Three boys who smashed up an allotment greenhouse and cold frame were punished by being made to pay for the damage and clean it up themselves.
Police dished out their sentence as part of the restorative justice scheme, which aims to keep first-time offenders out of the court system.
The children, all under 15, were made to meet the victims of their crime and explain why they did it.
Freda Earl, who owned the cold frame, said: “They did it because when we throw stones at glass, it makes a very satisfying noise.
“A lot of young crime is mindless. Anything that stops it without wrecking them for life is good.”
One of the boys was helping clean up the damage for Mrs Earl on Monday – and she said his work went above and beyond what he had to do.
She said: “It is much better to make them be confronted by people they have done damage to, rather than giving them criminal records.”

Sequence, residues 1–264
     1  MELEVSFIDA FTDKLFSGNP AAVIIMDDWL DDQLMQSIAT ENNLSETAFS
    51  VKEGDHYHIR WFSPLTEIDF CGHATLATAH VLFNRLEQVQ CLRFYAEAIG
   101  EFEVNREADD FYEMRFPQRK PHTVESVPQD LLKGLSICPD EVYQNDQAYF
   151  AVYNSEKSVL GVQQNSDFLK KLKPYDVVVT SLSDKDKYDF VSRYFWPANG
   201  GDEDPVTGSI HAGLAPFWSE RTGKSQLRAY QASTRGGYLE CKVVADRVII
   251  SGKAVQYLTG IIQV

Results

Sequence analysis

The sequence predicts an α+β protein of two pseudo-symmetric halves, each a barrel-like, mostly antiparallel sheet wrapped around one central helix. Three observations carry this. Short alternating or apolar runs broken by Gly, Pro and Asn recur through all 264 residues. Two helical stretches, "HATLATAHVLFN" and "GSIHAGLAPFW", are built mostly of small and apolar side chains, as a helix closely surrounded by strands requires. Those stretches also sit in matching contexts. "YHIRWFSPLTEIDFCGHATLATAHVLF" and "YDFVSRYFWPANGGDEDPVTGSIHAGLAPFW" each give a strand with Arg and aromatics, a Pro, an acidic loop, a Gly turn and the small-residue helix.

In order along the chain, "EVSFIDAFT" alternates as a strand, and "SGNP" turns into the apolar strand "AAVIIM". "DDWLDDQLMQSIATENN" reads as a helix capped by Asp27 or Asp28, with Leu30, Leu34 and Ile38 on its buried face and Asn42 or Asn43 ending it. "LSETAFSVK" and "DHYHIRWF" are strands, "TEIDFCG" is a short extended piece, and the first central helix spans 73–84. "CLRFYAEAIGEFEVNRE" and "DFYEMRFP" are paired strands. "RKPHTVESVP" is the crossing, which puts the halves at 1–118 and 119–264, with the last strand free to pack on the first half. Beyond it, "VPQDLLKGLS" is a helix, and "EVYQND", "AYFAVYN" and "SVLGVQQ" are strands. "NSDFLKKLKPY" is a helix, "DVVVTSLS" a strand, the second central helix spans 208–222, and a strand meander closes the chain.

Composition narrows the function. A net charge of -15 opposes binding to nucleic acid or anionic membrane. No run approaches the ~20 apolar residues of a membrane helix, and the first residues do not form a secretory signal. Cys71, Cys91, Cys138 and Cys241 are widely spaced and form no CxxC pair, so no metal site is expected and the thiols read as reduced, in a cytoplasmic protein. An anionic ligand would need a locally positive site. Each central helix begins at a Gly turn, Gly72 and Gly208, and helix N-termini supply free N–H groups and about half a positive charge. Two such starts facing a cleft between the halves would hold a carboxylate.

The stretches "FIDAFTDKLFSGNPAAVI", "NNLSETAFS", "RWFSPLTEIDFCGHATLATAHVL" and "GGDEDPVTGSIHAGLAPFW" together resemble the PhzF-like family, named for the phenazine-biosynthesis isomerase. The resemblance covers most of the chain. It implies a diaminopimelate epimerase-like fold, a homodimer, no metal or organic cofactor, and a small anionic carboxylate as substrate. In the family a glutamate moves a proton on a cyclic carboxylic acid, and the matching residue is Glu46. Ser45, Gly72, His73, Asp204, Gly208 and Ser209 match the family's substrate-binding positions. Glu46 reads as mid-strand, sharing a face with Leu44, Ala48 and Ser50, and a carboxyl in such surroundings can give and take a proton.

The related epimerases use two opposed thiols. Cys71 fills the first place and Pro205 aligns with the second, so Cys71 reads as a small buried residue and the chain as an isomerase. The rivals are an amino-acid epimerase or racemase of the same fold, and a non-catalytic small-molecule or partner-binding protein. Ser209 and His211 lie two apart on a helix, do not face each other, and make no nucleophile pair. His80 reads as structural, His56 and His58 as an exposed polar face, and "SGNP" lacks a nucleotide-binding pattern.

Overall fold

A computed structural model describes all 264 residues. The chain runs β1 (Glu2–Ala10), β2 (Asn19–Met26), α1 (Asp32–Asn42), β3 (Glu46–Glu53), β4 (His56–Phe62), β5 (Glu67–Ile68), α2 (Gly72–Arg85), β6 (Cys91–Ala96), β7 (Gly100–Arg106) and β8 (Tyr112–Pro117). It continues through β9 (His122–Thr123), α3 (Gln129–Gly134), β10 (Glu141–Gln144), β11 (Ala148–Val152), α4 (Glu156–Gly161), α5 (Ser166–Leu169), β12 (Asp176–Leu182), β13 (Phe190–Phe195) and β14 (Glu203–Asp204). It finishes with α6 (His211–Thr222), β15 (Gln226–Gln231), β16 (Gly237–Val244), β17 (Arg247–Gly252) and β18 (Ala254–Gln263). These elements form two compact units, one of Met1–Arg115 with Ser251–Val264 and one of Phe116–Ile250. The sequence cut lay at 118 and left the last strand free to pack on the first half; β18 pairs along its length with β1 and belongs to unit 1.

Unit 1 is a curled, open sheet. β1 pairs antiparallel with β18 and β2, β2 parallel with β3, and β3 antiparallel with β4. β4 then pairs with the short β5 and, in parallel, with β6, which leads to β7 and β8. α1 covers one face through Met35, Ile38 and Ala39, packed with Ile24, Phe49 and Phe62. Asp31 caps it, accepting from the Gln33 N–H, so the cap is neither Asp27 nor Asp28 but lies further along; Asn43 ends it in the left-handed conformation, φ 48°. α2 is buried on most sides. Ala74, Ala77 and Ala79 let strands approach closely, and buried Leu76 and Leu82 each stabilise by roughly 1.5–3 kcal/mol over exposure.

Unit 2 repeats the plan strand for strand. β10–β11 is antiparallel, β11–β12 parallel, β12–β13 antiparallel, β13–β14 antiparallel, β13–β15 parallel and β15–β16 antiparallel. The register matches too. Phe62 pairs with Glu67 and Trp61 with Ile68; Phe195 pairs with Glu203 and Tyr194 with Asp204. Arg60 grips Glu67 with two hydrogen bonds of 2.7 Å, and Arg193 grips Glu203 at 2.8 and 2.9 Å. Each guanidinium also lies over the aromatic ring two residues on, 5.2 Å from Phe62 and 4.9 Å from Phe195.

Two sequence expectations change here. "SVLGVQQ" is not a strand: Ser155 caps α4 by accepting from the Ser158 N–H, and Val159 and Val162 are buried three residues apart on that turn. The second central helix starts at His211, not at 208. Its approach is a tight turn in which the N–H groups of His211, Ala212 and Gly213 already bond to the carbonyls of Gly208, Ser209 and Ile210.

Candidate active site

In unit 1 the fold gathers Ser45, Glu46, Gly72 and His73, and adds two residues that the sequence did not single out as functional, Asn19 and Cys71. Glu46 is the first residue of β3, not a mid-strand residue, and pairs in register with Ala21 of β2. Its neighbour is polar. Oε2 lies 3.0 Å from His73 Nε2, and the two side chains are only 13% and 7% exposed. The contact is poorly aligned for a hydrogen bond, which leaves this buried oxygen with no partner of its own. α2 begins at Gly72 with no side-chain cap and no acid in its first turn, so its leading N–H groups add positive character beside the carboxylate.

She said learning how your actions affect others is part of growing into adulthood, and that the youngsters regret their crime – committed at Sunnyside Allotments, Berkhamsted, in early July.
She said: “It is other people’s jobs to help them grow up as well as possible without just punishing them.
“They learn that what they are doing does affect other people – so it’s not just: ‘Oh yeah, I have done that, I can go home, that was enjoyable.’”
She said restorative justice is a ‘civilised’ system of punishment.
Berkhamsted police sergeant Peter Huffer said: “I believe in this instance, this was the correct way to deal with these boys and I do not anticipate that they will re-offend.”